by Ed Caesar published in The New Yorker
Read original on The New Yorker's website
Although an estimated 1% of North Koreans have acc...Show description
Posted 679 days ago
Ed Caesar is a fantasic writer. He wrote a similar story last year, which I included in my list of The New Yorker's Best Reporting of 2020. This was takes a slightly different tone, changing from a biography of a single person and their bizarre pursuit in life to an analysis of international politics. And it's excellent.
He writes that "North Korea..is the only nation in the world whose government is known to conduct nakedly criminal hacking for monetary gain." I'm sure the list is larger than 1, but it does seem to do so blatently in the public eye without consequences. Caesar writes that it's kind of par-for-the-course, however:
Until recently, North Korea’s most lucrative state-sponsored criminal operations included the smuggling of cigarettes, the creation of counterfeit money, the trading of endangered species, and the manufacture and distribution of laboratory-made illegal drugs such as methamphetamine. In the seventies, North Korean diplomats who were posted abroad often trafficked narcotics.
This is very tricky on a global stage, because North Korea has entirely isolated itself to the point that nations will not infringe on its sovereignty to almost the most extreme. We have the United Nations and international courts, but these only really apply to nations that participate in them or who are too fragile to fight back against international pressure. North Korea seems to be neither of these, and it even seems to be building its power, especially its weapons arsenal, off of outright crime. But when we really think about it, wouldn't countries having and using weapons be a crime in itself? We have come to think of war in the modern world as justified for some form of liberal order, but North Korea pusuing whatever means possible to build up their power in reality is not all that different from hegemons maintaining theirs through territories and colonies around the globe. Just food for thought (I'm not trying to equate North Korea to other countries here).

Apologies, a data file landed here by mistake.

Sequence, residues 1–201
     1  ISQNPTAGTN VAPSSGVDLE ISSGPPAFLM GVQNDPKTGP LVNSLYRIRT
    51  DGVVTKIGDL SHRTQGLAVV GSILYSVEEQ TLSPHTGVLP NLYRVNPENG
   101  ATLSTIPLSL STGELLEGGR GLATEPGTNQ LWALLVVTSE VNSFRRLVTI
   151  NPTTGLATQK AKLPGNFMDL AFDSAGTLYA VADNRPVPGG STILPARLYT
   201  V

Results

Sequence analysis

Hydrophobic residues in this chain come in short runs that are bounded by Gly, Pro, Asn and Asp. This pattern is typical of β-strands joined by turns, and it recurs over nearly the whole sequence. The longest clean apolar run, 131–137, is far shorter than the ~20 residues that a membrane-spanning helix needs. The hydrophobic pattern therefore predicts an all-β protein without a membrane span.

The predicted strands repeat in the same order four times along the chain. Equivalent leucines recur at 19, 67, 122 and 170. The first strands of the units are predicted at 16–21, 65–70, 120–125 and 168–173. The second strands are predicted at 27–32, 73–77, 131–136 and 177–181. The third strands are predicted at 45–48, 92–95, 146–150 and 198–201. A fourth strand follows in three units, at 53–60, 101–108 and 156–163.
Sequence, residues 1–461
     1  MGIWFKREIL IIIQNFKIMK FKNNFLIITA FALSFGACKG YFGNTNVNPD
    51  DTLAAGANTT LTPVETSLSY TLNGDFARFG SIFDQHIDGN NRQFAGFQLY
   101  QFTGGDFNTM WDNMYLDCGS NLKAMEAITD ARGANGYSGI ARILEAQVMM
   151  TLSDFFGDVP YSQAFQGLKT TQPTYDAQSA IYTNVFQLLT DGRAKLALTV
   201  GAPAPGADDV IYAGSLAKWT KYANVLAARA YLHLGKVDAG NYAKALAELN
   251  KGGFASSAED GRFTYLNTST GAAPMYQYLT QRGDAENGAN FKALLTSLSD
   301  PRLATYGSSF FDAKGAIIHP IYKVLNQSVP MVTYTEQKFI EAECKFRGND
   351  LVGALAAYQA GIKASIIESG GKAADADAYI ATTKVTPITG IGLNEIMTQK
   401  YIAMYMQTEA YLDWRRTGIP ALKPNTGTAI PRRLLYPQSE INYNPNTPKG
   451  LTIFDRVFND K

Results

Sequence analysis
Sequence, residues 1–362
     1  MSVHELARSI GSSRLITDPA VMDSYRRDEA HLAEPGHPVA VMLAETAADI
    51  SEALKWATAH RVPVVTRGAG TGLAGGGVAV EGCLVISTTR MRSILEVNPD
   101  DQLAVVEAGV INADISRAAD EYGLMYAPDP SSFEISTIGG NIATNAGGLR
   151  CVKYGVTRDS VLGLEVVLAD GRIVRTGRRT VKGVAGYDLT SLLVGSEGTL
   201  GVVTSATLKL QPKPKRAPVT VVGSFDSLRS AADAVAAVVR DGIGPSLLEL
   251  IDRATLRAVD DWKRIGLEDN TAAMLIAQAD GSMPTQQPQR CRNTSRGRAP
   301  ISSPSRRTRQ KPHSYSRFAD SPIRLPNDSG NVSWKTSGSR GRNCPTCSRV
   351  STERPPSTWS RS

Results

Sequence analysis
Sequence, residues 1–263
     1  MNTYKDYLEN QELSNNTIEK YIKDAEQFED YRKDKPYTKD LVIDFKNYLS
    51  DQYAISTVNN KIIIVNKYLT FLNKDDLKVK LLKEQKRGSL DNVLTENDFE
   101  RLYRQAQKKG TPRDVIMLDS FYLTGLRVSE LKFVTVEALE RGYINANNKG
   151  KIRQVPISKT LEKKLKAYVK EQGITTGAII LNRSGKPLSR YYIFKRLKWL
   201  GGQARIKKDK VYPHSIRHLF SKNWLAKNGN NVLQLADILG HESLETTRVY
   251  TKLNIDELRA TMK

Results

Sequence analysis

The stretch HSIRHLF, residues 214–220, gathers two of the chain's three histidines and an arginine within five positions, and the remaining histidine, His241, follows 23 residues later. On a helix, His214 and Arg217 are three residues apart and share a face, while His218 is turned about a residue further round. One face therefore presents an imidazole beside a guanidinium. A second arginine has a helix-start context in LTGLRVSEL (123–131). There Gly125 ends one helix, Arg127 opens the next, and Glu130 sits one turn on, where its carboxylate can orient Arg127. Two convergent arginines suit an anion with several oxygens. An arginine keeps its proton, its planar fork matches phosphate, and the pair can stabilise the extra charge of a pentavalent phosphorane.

Apart from the schemes that Caesar masterfully reported on, I was interested in the geopolitics that he presented. He writes that "no financial institution in Russia or China has been targeted by North Korean hackers," and quotes John Demers of the Justice Department saying that "there are strong indications that Russia and China are well aware of what's going on and actively have facilitated some of it."
The qualifier, "some of it," is an important one. Geopolitically, North Korea is smack dab between Russia and China, so it makes sense that both countries take a great concern with its affairs. Of course, that statement seems to imply they are in some sort of kahoot. I don't think that's true, I think that the simple fact would be Russia and China will not actively interfere if North Korea attacks the hegemon that is restraining them. But they are not on North Korea's side. I think they just make it blatently clear that if North Korea were to target a Russian or Chinese institution, the response would be much, much more serious than the response of the US which is bound by its own restraints of the "liberal order." Cybercrime is serious, but it wouldn't warrant a physical response in the public eye. To be frank, I don't think Russia or China would tolerate any targeting of their institutions regardless of what the international community might think about their retaliation. I think North Korea is well-aware of this.